Farmers, diets and climate change


by Colin Creasy

While I was pleased to see that my last letter regarding farming practices has generated debate, I am a little disappointed that the points that I was making didn’t seem to resonate with the two people who responded.

To begin, my previous letter was in no way meant as a criticism of our farmers, nor how they go about their business. I totally understand that farmers are just responding to market demands, just as I understand that there are economies of scale regarding certain crops.

The problem is the system under which we live, and our individual habits. Farmers are simply responding to the market as it is currently set up, and they are doing an amazing job considering how few of them there are.

Climate change discussions have hardly mentioned what it means to people who feed the nation: Canada’s farmers. Farming has always been a challenge, but there was always some predictability to that challenge. Due in large part to climate change, that is no longer the case. Droughts and violent storms result in lower crop yields, reduced milk production, and loss of livestock. Farmers are truly on the front line of all this. There is a thin line between success and failure on the farm, and climate change is a wildcard that is a threat to all of us.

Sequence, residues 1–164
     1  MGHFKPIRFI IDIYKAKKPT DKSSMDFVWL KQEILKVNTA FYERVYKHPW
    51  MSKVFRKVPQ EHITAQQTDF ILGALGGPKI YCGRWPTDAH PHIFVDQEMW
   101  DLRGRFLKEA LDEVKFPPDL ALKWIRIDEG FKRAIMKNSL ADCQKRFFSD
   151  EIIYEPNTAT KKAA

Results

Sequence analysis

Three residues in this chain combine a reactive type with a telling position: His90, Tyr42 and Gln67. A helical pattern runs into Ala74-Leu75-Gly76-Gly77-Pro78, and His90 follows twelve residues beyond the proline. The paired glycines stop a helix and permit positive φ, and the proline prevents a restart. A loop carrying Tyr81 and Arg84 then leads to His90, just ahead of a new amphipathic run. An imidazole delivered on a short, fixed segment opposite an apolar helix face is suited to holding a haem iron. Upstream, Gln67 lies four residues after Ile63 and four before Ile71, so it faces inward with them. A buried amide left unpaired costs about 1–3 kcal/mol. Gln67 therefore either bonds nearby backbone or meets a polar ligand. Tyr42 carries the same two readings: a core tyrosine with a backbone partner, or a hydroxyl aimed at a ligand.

The primary point of my previous letter was that when 68% of our farmland is taken over for growing crops for farm animals, the simple act of changing our diets even for a couple of days a week could prevent the need to burn down our rainforests, or clear cut others, just to provide food for farm animals. Forests are the lungs of our planet, storing carbon dioxide, and giving off life-sustaining oxygen. Another of your correspondents, (Global warming is not the cow’s fault), was positing that the plant life on this planet could keep on doing this indefinitely, even though we are destroying this same plant life at an alarming rate, and, on top of that, he figured that pasture land could provide the same benefit as the rainforest that was destroyed to provide it. I’m having a hard time believing that grass provides the same benefits as a forest.

Regarding my previous musing on organic food, I have, in my previous lifetime, been affiliated with a community organic farm. We leased the land from the local conservation authority, and it took four years of growing crops with no pesticide or herbicide use on the land before we could become a certified organic farm. There was a lot of paperwork and soil testing involved, and then there was the labour cost of removing weeds. The cost of these 2 items did not offset the savings from pesticide and herbicide use, which is why we pay more for organic. A lot of people who try and eat organically are often sceptical of claims by the Monsanto’s of this world that their products are safe, which is why we are willing to pay a little more. You can’t blame us. There is a lot of information out there to support our scepticism.